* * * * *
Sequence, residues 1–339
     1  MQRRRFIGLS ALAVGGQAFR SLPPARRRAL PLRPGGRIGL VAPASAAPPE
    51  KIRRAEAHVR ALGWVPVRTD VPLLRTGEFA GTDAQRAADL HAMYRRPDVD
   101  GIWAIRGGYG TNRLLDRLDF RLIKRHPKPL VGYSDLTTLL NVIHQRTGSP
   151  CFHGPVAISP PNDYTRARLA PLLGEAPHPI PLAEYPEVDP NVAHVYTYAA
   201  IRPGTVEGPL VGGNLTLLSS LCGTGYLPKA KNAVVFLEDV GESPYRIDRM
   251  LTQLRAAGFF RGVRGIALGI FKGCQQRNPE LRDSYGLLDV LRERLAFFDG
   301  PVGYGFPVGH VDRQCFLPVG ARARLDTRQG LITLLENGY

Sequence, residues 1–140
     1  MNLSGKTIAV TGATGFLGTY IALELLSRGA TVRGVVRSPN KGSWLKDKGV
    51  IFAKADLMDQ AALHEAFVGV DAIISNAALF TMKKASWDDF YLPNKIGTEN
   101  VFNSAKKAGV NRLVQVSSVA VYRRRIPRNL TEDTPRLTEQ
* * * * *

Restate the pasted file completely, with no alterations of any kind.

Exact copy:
Sequence, residues 1–339
     1  MQRRRFIGLS ALAVGGQAFR SLPPARRRAL PLRPGGRIGL VAPASAAPPE
    51  KIRRAEAHVR ALGWVPVRTD VPLLRTGEFA GTDAQRAADL HAMYRRPDVD
   101  GIWAIRGGYG TNRLLDRLDF RLIKRHPKPL VGYSDLTTLL NVIHQRTGSP
   151  CFHGPVAISP PNDYTRARLA PLLGEAPHPI PLAEYPEVDP NVAHVYTYAA
   201  IRPGTVEGPL VGGNLTLLSS LCGTGYLPKA KNAVVFLEDV GESPYRIDRM
   251  LTQLRAAGFF RGVRGIALGI FKGCQQRNPE LRDSYGLLDV LRERLAFFDG
   301  PVGYGFPVGH VDRQCFLPVG ARARLDTRQG LITLLENGY

Sequence, residues 1–140
     1  MNLSGKTIAV TGATGFLGTY IALELLSRGA TVRGVVRSPN KGSWLKDKGV
    51  IFAKADLMDQ AALHEAFVGV DAIISNAALF TMKKASWDDF YLPNKIGTEN
   101  VFNSAKKAGV NRLVQVSSVA VYRRRIPRNL TEDTPRLTEQ